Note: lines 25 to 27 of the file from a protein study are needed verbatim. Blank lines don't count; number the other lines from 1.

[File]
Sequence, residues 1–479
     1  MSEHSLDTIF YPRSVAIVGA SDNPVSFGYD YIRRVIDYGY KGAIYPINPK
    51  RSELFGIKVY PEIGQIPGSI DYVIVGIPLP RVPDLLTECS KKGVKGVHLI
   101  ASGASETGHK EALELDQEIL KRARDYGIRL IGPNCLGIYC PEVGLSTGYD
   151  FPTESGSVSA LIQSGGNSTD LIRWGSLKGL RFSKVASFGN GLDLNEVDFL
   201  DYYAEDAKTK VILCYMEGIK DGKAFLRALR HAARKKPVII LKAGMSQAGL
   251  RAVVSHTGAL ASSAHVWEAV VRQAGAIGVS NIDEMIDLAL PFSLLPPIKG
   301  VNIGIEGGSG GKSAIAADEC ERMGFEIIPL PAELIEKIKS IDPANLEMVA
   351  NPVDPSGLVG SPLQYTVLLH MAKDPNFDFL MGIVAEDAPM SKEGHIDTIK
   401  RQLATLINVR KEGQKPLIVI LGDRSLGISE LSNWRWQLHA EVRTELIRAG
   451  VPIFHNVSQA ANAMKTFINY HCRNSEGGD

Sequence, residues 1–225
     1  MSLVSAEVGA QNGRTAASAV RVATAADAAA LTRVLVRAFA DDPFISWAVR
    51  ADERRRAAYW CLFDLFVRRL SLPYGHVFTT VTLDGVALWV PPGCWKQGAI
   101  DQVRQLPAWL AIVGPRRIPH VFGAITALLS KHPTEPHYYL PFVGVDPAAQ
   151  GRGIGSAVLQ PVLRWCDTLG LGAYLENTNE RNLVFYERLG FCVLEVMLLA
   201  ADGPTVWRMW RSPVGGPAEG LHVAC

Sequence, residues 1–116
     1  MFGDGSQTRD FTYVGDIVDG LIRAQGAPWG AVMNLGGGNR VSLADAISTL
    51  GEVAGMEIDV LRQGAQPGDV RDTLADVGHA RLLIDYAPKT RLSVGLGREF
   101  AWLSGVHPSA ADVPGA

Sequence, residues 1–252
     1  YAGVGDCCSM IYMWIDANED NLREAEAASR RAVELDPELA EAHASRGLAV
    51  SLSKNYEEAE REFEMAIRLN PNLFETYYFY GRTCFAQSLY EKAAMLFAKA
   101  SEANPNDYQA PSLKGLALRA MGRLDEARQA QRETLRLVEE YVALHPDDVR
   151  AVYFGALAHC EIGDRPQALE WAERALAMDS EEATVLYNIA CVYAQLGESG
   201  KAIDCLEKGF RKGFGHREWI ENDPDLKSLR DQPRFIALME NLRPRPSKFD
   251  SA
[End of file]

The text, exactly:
   101  SEANPNDYQA PSLKGLALRA MGRLDEARQA QRETLRLVEE YVALHPDDVR
   151  AVYFGALAHC EIGDRPQALE WAERALAMDS EEATVLYNIA CVYAQLGESG
   201  KAIDCLEKGF RKGFGHREWI ENDPDLKSLR DQPRFIALME NLRPRPSKFD